Town to recommend Gatewood project proceed as planned


For repairing entrance

By David Meade

During a public meeting of Gatewood subdivision residents held Tuesday night, a vote showed almost all of those attending perferred to continue with the project “as designed” rather than convert a temporary roadway to the main entrance and abandon the current entrance.

Williamston Mayor Mack Durham said in order to pass a resolution at their next meeting, town officials wanted to get a consensus among the residents stating their preference for one of two options for the project.

Anderson County Transportation Committee (ACTC) officials have indicated they could continue with the project to replace the current entrance with an upgraded design or an alternative option of paving the temporary entranceway that was recently constructed and make it the main entrance to the subdivision.

Under the second option, the original entrance, which is in need of repair, would be abandoned. However truck traffic to the town’s Waste Water Treatment Plant (WWTP) would continue, meaning large trucks will travel through the subdivision, according to the mayor.

The temporary roadway was recently constructed to allow residents a way into and out of the subdivision while the new culvert bridge is being built.

While in the process of obtaining necessary DHEC and FEMA permits for the construction, CoTransco engineers (the company hired by the ACTC to perform engineering work for county road projects), were told a necessary floodplain map and data needed is missing.

FEMA officials have indicated that they will require the town to pay for the necessary information to generate the permit, at a cost of approximately $35,000.

Due to the permitting delay, estimated construction time for the replacement entrance is more than 18 months.

James Bowman, a resident of Gatewood, said there is floodplain information on the FEMA website. Bowman said state officials and insurance officials have told him the information on the FEMA website is what they rely on. “It is as simple as them looking at their own website,” Bowman said.

Councilman Rockey Burgess said he thought the information needed included a flow study, which is what is missing.

Councilman Otis Scott said the project design has “a new kind of culvert. One that is pre cast and is stonger than regular pipe.”

Mayor Durham said that the permit would not be required to rebuild the culvert entrance to current standards, but that major changes requires a new permit. He said the new design by CoTransCo engineers is to the 100 year floodplain and is designed for the traffic that will use it.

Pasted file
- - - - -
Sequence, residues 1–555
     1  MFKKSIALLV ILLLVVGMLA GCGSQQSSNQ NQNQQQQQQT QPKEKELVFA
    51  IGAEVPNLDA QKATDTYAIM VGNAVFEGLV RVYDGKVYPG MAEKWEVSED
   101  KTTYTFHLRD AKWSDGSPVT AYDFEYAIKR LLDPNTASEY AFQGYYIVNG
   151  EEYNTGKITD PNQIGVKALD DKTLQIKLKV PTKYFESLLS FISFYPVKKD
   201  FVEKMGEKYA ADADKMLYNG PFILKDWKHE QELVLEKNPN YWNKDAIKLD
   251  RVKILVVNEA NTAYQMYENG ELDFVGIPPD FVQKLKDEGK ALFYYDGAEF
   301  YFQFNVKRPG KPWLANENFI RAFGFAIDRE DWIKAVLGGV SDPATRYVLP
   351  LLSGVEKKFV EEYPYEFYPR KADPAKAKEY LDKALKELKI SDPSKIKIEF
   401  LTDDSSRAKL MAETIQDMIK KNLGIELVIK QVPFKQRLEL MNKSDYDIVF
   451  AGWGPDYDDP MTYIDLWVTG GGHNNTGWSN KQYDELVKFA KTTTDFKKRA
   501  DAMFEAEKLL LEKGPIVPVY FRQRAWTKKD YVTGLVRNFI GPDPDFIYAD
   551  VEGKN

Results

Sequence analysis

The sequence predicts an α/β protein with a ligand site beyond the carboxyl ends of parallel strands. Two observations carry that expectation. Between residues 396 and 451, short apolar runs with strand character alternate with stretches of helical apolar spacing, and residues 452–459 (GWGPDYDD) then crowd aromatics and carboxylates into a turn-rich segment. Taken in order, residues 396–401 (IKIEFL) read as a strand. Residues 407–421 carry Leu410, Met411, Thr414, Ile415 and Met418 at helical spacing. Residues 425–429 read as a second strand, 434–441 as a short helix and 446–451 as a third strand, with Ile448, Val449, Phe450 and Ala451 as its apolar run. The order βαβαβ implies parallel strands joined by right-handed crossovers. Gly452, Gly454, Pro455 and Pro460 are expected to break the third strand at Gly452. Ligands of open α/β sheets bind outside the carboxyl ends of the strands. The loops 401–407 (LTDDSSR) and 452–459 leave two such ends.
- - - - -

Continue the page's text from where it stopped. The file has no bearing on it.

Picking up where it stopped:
Bowman said that the “rainwater did not do the damage. Those trucks did.”

The trucks being referred to are 18-wheel tanker trucks entering the subdivision to dump leachate from the Anderson Regional Landfill into the town’s Waste Water Treatment Plant.

The town began accepting the leachate, and the payments associated with it, approximately 10 years ago when town finances became critical.

The leachate trucks first dumped into a manhole on Mill Street Extension, then later began entering the WWTP facility through the subdivision. They are currently using a temporary dump site on First Street. At the meeting last week, an option of a new pipe being used for dumping the leachate was brought up.

The issue of the leachate trucks was briefly discussed, however Mayor Durham said he wanted to keep the meeting focused on the entranceway options. The leachate truck issue and possible alternative dump options will be addressed at a later time, he indicated.


Residents also brought up the issue of an increase in crime in the neighborhood since the temporary entrance has been constructed. The entrance is currently gated, however residents said people are walking in and stealing items.

A vote by residents at the end of the meeting indicated their preference is to stay with the current project design to replace the entrance culvert to better standards.

Councilman Rockey Burgess asked for a vote on having the town look into the cost and possiblity of having a designated pipe for the leachate trucks to dump in to. The vote on that option was also almost unanimous.